BC Liberals Interim Leader Shirley Bond says travelers across the B.C.-Alberta border should be stopped and asked whether they are travelling for non-essential reasons as the COVID-19 pandemic continues.
There is currently a ban for non-essential travel across large health regions in British Columbia, but no formal ban for non-essential travel across the provincial border.
“I don’t think it’s unreasonable — and people have been raising this with us — that if you are travelling from Alberta, that questions are asked,” Bond said.
“Perhaps that is a place where we should be asking if people are travelling for essential reasons. If you are going to have checkpoints in other areas of B.C., one would assume there would be an opportunity to ask questions at the B.C.-Alberta border as well.”
The B.C. government has set up signs along the border asking Alberta drivers to turn back if their travel is for non-essential reasons.
Public Safety Minister Mike Farnworth says provincial health officer Dr. Bonnie Henry has not suggested that banning Albertans from coming to B.C. is necessary.
The province has been advised that legally restricting travel from province to province would be close to impossible.
“There are a lot of issues at play, it’s complex, some of them are constitutional,” Farnworth said.
“But more importantly if you have someone asking questions at the border, it really needs to be people with authority, i.e. police. People respect the police, they know the police and they know they have the legal authority.”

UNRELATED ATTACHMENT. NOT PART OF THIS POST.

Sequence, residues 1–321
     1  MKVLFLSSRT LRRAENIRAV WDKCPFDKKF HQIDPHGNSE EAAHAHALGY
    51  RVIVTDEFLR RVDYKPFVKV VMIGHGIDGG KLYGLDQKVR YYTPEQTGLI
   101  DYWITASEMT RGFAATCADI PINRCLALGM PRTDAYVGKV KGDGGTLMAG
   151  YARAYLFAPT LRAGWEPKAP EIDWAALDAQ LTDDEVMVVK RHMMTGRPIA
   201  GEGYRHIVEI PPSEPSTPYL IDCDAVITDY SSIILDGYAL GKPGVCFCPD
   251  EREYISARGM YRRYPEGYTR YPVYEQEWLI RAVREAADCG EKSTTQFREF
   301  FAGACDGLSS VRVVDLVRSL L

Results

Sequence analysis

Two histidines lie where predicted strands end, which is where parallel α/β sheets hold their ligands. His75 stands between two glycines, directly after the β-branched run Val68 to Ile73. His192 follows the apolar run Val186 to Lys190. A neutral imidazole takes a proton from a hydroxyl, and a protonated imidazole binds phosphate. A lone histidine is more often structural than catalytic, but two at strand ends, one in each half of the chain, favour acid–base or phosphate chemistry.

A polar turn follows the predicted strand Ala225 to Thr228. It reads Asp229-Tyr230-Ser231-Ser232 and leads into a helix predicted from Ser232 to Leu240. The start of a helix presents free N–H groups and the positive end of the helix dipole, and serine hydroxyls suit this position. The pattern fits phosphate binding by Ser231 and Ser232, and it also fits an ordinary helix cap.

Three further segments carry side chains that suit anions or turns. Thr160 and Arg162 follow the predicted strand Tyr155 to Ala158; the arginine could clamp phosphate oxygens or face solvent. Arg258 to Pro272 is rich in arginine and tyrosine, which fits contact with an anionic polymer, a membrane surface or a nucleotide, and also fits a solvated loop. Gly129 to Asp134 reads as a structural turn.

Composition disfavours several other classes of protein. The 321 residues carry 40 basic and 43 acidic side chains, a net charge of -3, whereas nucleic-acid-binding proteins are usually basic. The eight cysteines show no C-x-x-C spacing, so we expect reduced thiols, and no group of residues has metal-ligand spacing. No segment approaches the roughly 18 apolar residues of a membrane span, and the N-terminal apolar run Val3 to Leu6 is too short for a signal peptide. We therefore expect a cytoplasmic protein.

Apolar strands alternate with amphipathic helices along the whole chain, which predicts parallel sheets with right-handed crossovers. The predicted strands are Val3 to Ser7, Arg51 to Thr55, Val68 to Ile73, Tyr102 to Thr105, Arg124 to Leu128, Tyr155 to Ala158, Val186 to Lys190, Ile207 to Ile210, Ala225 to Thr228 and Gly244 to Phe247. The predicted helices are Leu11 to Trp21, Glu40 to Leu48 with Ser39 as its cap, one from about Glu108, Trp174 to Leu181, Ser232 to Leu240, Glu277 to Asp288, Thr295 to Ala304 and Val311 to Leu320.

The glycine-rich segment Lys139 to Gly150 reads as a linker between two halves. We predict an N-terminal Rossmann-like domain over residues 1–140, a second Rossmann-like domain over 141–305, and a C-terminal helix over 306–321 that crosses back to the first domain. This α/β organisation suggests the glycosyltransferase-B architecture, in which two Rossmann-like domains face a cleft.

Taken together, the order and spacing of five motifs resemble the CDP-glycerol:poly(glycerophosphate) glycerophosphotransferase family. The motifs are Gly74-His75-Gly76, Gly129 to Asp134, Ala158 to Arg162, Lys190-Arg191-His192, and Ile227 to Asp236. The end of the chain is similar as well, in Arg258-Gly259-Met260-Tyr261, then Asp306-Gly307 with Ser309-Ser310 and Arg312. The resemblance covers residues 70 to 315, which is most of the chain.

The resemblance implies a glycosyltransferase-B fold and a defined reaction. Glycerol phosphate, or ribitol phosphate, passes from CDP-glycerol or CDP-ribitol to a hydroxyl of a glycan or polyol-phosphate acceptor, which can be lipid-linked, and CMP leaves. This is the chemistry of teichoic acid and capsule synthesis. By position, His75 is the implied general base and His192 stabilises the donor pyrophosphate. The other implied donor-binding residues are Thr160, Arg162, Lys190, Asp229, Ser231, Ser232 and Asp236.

Mayors in communities near the Alberta-B.C. border have expressed concern that additional checks on the borders would be labour intensive and slow down the essential travel taking place.
Valemount Mayor Owen Torgerson says recreational travel has dropped substantially in his community over the past few weeks, and “99.9 per cent” of Albertans in Valemount are there for work and other essential reasons.
Torgerson says he understands people are frustrated when they see what looks like recreational travel but it doesn’t tell the entire story.
“If you are pulling a motor home you may be a worker relocating,” Torgerson said.
According to the province, inter-provincial travel contributes to only one per cent of COVID-19 cases.
Communities like Sparwood count on Albertans coming to work, especially at Teck Resources. But the guidance from Mayor David Wilks is similar to the other mayors: if it’s not essential, don’t travel.
“Certainly from the position of non-essential travel it’s concerning. With the May long weekend, for those coming for recreation, we would ask you to reconsider,” Wilks said.
The BC Liberals have been pushing the province to provide more support for closed businesses. Bond says she understands why in some of these communities it would be hard to turn Albertans away.
“It is a very difficult circumstance they are in. Many of them rely on visitors from Alberta to survive. When you have an inability to get the kind of support you need to keep your business running it is a very difficult dilemma,” Bond said.
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